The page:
Portland Trivia

I have been doing a lot of research on Portland lately, and I have listed some of my findings below. I had pictures to post with these, but for some reason Blogger is not accepting them at the moment. I will try to post the pictures at a later date.

  • At the top of Mt. Hood is the Palmer Glacier. Mt. Hood is 11, 239 ft. tall.
  • Portland has the smallest park in the world, Mill Ends Park. It is two feet across and resides in the middle of a crosswalk on Front Street and Taylor. The land was set aside for a colony of Leprechauns.
  • The now famous Nike swoosh logo was designed in 1964 by Carolyn Davidson, a University of Oregon Student. Supposedly, she was paid $35.00 for the design.
  • Goose Hollow was an area of town/country where the women stayed home and raised geese while the husbands farmed or searched for gold. This area of the city is still referred to as Goose Hollow.
  • Abraham Lincoln was supposed to be the territorial governor of Oregon, but he turned it down. His wife refused to move to the west coast and leave the eastern cities. What a life changing, and country changing, decision.
  • Portland used to be known affectionately as “Stumptown.” In fact, they used to whitewash the stumps in the road so that they would be more visible.
  • The oldest piece of public art in Portland is the Skidmore Fountain, 1888. Skidmore was a druggist who left $5,000 in his will for the construction of the fountain. The total cost of construction was $18,000.
  • The current Macy’s store used to be a department store called Meier and Frank. Clark Gable sold ties there before he went to Hollywood and made it big in the movies.
  • At the turn of the century, Portland had some incredible amusement parks. They were Coney Island’s Dreamland, Luna Park, and Steeplechase Park. The pictures are very cool, and I want to research these a little more.
  • Simon Benson was a timber baron and businessman who didn’t approve of his laborers drinking alcohol during the day. In fact, he didn’t like people drinking alcohol at all. Therefore, he gave the city enough money to construct 20 outdoor drinking fountains. He felt that people should be able to have free water throughout the city. His idea worked; beer consumption dropped by 25% in Portland the next year. Their are currently 40 Benson fountains in Portland, and one in Portland’s sister city, Sapporo, Japan.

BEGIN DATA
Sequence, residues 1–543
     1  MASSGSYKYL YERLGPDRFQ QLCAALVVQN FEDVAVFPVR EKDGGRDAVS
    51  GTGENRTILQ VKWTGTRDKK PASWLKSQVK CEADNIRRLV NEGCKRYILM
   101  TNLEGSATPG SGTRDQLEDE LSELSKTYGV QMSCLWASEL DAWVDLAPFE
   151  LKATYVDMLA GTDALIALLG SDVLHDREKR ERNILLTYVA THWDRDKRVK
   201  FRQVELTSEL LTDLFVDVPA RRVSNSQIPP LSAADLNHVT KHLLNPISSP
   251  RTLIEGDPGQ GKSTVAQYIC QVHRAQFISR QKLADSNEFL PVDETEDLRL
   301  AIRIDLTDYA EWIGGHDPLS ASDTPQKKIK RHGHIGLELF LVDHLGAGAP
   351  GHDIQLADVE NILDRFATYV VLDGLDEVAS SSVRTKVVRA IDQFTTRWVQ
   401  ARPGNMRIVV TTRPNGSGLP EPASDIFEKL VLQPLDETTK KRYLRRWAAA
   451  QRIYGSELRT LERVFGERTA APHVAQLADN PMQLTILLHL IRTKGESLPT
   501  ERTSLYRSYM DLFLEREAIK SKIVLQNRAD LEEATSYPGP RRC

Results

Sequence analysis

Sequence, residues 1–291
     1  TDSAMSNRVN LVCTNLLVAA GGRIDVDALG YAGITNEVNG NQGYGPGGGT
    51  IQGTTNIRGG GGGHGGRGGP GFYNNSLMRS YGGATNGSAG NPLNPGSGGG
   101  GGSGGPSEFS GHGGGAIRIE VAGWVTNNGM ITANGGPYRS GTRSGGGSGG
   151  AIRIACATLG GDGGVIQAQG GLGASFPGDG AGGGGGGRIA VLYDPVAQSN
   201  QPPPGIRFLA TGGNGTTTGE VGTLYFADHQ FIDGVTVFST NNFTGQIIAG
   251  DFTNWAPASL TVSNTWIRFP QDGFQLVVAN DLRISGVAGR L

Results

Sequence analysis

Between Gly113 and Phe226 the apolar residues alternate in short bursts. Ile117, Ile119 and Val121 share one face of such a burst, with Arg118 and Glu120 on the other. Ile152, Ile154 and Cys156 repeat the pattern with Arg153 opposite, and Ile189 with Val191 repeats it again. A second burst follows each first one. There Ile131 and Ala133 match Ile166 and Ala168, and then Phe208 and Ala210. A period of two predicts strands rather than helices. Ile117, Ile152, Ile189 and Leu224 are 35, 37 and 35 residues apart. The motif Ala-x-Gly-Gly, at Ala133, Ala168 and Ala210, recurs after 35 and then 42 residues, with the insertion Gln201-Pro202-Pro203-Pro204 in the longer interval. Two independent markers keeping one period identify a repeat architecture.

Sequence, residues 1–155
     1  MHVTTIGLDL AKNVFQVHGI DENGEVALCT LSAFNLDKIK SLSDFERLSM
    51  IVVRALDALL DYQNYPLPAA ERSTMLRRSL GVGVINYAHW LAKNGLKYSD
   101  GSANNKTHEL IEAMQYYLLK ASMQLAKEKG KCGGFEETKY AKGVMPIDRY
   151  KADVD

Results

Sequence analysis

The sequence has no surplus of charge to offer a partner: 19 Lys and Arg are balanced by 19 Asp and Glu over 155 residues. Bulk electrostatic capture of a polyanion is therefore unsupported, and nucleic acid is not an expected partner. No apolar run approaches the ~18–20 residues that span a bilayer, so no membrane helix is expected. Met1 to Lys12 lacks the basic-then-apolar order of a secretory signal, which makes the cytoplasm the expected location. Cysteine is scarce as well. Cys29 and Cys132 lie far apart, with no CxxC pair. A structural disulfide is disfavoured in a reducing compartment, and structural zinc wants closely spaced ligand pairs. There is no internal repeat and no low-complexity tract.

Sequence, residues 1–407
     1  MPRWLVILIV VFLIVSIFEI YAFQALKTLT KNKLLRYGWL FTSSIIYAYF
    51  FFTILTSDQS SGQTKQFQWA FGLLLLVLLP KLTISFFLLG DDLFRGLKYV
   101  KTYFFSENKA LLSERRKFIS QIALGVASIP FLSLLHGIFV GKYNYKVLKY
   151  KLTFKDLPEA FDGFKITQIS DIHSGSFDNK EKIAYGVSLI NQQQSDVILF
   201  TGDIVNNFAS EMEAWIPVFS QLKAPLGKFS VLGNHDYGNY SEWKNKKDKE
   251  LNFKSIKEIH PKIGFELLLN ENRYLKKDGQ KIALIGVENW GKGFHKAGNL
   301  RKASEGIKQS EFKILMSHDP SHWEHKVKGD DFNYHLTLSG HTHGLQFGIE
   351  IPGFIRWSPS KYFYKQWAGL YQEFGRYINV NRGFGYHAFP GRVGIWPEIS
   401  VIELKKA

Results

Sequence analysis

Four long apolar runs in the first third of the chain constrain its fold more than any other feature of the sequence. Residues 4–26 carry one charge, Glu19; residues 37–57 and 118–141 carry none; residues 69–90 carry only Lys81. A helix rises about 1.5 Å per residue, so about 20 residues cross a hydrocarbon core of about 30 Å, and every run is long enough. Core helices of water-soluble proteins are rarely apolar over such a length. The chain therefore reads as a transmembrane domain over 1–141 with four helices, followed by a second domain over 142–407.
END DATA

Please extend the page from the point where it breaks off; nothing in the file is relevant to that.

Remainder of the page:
• Portland was almost named Boston. Asa Lovejoy and William Overton flipped a coin, and the name Portland won.
  • The Shemanski Fountain is located between Madison and Salmon on the park blocks. Joseph Shemanski was a polish immigrant who ended up being a very successful businessman. He gave the city the fountain in 1926 because he wanted to “express in small measure of gratitude for what the city has down for me.” One interesting feature of this fountain is the continuously running fountains and basins that are located near the sidewalk. These were constructed so that dogs and small animals could have a drink of water.
  • The park block between Madison and Main is referred to as Lincoln Square. It sports a 10 foot tall statue of Abraham Lincoln on a granite base.
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